Virginia begins historic oyster replenishment effort
The Virginia Marine Resources Commission (VMRC) is preparing to embark on the largest state-funded oyster replenishment initiative in state history thanks to a record $2 million appropriated in the budget by Governor Robert F. McDonnell and the Virginia General Assembly, according to VMRC public relations director John Bull.
“This historic investment will provide significant ecological and economic benefits, and will provide consumers with more delicious, high-quality Virginia oysters,” said Doug Domenech, Secretary of Natural Resources. “This is a win for the health of the bay, for oyster-lovers, and for our hard-pressed watermen in these difficult economic times.”
—Kim Huskey, Virginia Seafood Council
The replenishment program will begin in May and last through August, and will focus on public oyster grounds in the James, York, and Rappahannock rivers, and in the Chesapeake Bay in Pocomoke and Tangier Sounds.
Oyster replenishment involves the spreading of empty oyster shells on state-owned public oyster grounds to provide habitat so naturally occurring oyster larvae can attach to the shells during spawning and grow to form new adult oysters that will reach market size in roughly three years.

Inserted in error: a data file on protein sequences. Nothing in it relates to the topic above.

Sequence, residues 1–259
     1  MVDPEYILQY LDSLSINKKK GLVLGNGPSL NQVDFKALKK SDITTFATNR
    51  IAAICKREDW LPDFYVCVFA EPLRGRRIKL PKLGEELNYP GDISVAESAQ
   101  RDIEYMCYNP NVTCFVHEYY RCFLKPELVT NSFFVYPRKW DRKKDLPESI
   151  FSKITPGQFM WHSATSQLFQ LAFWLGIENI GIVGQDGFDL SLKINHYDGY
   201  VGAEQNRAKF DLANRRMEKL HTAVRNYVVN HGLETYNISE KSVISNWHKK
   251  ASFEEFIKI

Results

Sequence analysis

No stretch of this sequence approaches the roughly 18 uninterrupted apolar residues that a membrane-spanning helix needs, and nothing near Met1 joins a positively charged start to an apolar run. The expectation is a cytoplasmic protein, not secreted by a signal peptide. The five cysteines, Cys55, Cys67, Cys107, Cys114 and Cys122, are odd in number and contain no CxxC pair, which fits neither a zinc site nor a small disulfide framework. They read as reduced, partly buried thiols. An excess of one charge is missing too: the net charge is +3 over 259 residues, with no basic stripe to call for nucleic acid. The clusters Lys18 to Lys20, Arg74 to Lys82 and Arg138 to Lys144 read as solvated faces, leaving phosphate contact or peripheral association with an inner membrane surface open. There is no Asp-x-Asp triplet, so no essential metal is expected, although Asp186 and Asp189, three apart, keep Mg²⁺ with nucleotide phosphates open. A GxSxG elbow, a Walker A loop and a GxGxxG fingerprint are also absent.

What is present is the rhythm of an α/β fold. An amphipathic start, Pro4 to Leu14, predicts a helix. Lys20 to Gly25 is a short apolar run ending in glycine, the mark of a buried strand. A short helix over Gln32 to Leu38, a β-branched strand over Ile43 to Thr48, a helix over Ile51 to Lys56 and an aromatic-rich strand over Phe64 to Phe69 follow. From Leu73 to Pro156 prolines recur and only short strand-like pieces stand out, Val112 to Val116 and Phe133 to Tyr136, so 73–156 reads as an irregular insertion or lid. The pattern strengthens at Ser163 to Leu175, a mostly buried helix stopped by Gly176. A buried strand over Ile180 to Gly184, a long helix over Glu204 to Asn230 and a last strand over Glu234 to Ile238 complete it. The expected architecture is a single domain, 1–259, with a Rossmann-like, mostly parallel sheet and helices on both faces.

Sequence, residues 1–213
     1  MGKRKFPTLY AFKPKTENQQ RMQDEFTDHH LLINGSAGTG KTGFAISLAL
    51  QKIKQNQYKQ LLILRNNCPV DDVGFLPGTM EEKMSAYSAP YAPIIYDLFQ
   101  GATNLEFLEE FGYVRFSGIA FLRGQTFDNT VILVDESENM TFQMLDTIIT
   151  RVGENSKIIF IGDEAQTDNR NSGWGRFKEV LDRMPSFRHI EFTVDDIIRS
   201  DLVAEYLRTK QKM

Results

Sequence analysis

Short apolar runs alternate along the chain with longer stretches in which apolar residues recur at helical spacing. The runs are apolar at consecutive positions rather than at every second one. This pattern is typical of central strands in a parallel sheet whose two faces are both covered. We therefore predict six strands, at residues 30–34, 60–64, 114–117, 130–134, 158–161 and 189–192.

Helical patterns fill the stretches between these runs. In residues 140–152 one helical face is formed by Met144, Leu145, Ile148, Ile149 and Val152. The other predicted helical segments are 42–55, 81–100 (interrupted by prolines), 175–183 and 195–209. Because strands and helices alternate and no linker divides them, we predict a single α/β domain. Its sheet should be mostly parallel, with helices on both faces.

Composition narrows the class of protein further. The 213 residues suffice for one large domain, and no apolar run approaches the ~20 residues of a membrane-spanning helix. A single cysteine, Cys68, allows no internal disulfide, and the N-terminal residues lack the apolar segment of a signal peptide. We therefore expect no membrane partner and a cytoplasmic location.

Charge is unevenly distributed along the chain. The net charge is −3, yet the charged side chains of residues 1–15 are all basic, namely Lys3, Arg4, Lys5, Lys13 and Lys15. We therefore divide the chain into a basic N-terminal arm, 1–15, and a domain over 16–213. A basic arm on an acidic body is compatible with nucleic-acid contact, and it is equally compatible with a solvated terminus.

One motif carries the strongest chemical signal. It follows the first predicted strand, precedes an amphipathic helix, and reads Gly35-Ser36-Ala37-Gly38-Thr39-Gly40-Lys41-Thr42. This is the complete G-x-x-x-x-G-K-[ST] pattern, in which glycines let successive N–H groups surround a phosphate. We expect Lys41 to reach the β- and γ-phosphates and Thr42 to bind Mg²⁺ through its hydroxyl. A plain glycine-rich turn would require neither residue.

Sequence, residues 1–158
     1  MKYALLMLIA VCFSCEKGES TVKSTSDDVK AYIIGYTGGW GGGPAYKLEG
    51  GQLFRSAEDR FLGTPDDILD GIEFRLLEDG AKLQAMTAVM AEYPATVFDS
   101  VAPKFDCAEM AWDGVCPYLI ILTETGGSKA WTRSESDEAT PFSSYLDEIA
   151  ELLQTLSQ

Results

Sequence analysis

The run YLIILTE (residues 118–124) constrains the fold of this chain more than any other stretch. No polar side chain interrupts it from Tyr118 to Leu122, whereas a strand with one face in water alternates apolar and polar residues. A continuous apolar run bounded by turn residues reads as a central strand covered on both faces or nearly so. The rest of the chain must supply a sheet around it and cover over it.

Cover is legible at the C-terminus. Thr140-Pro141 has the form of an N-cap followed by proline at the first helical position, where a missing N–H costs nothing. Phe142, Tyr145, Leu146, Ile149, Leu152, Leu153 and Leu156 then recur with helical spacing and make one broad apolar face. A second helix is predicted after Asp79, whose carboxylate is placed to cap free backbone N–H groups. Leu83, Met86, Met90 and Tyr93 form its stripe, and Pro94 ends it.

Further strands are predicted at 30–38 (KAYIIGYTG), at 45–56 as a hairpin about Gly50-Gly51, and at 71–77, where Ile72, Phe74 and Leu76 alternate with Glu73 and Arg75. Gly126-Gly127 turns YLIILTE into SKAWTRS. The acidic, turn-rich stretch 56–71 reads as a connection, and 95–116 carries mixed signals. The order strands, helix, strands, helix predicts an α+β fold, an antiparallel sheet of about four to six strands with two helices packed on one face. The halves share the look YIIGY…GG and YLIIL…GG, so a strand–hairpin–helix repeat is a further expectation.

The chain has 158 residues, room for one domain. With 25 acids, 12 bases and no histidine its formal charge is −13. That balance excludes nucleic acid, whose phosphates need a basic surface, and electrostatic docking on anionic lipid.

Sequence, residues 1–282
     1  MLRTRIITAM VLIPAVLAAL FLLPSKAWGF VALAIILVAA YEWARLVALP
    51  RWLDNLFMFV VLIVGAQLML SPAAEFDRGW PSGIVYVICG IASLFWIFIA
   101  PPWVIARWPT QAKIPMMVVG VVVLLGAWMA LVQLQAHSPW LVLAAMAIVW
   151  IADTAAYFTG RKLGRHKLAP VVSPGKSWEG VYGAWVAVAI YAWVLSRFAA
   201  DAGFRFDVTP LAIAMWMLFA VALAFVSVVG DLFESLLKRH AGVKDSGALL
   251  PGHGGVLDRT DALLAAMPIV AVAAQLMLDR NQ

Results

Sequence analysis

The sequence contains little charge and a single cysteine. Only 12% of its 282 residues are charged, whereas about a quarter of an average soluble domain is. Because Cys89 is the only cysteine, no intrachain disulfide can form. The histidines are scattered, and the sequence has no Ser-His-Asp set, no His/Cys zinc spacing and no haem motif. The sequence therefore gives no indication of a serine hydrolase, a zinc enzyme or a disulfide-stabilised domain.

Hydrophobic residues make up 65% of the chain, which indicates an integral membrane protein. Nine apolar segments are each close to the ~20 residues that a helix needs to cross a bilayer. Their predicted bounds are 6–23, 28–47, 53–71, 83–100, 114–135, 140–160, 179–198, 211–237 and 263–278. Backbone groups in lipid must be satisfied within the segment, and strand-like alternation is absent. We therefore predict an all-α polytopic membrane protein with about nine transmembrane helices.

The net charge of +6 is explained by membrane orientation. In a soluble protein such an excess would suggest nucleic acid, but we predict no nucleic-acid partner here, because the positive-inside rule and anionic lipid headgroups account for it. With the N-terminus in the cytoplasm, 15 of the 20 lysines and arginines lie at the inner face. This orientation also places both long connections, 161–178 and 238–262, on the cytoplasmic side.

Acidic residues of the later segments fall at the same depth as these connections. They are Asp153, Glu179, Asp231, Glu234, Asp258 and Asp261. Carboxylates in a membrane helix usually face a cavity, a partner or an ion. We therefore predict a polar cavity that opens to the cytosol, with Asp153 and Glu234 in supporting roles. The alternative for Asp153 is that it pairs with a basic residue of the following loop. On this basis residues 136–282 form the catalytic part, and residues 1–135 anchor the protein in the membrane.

Every $1 spent by the state to plant oyster shells yields $7 in economic benefits in the form of larger harvests and increased jobs for oyster shuckers and oyster packing houses.
An anticipated one million bushels of shells will be deployed on public oyster grounds. That’s roughly one billion individual empty oyster shells, enough to fill approximately 4,000 dump trucks.
In addition to empty shells from oyster shucking houses, the initiative will also use shells dredged from fossil oyster shell deposits in the James River near Jamestown.
“This is a remarkable, and gratifying, investment that will yield a bonanza of ecological and economic benefits,” said Kim Huskey, executive director of the Virginia Seafood Council. “This will help clean the water, boost the economy, provide financial benefits to the seafood industry, and provide more world-renown Virginia oysters for our consumers.”
Over the past decade, the oyster harvest in Virginia has increased tenfold, from 23,000 bushels in 2001 to an estimated 250,000 bushels in 2012. In that time, the dockside value of the oyster harvest increased from $575,000 to more than $8.26 million. In fact, last year’s oyster harvest in Virginia was the largest since 1989.
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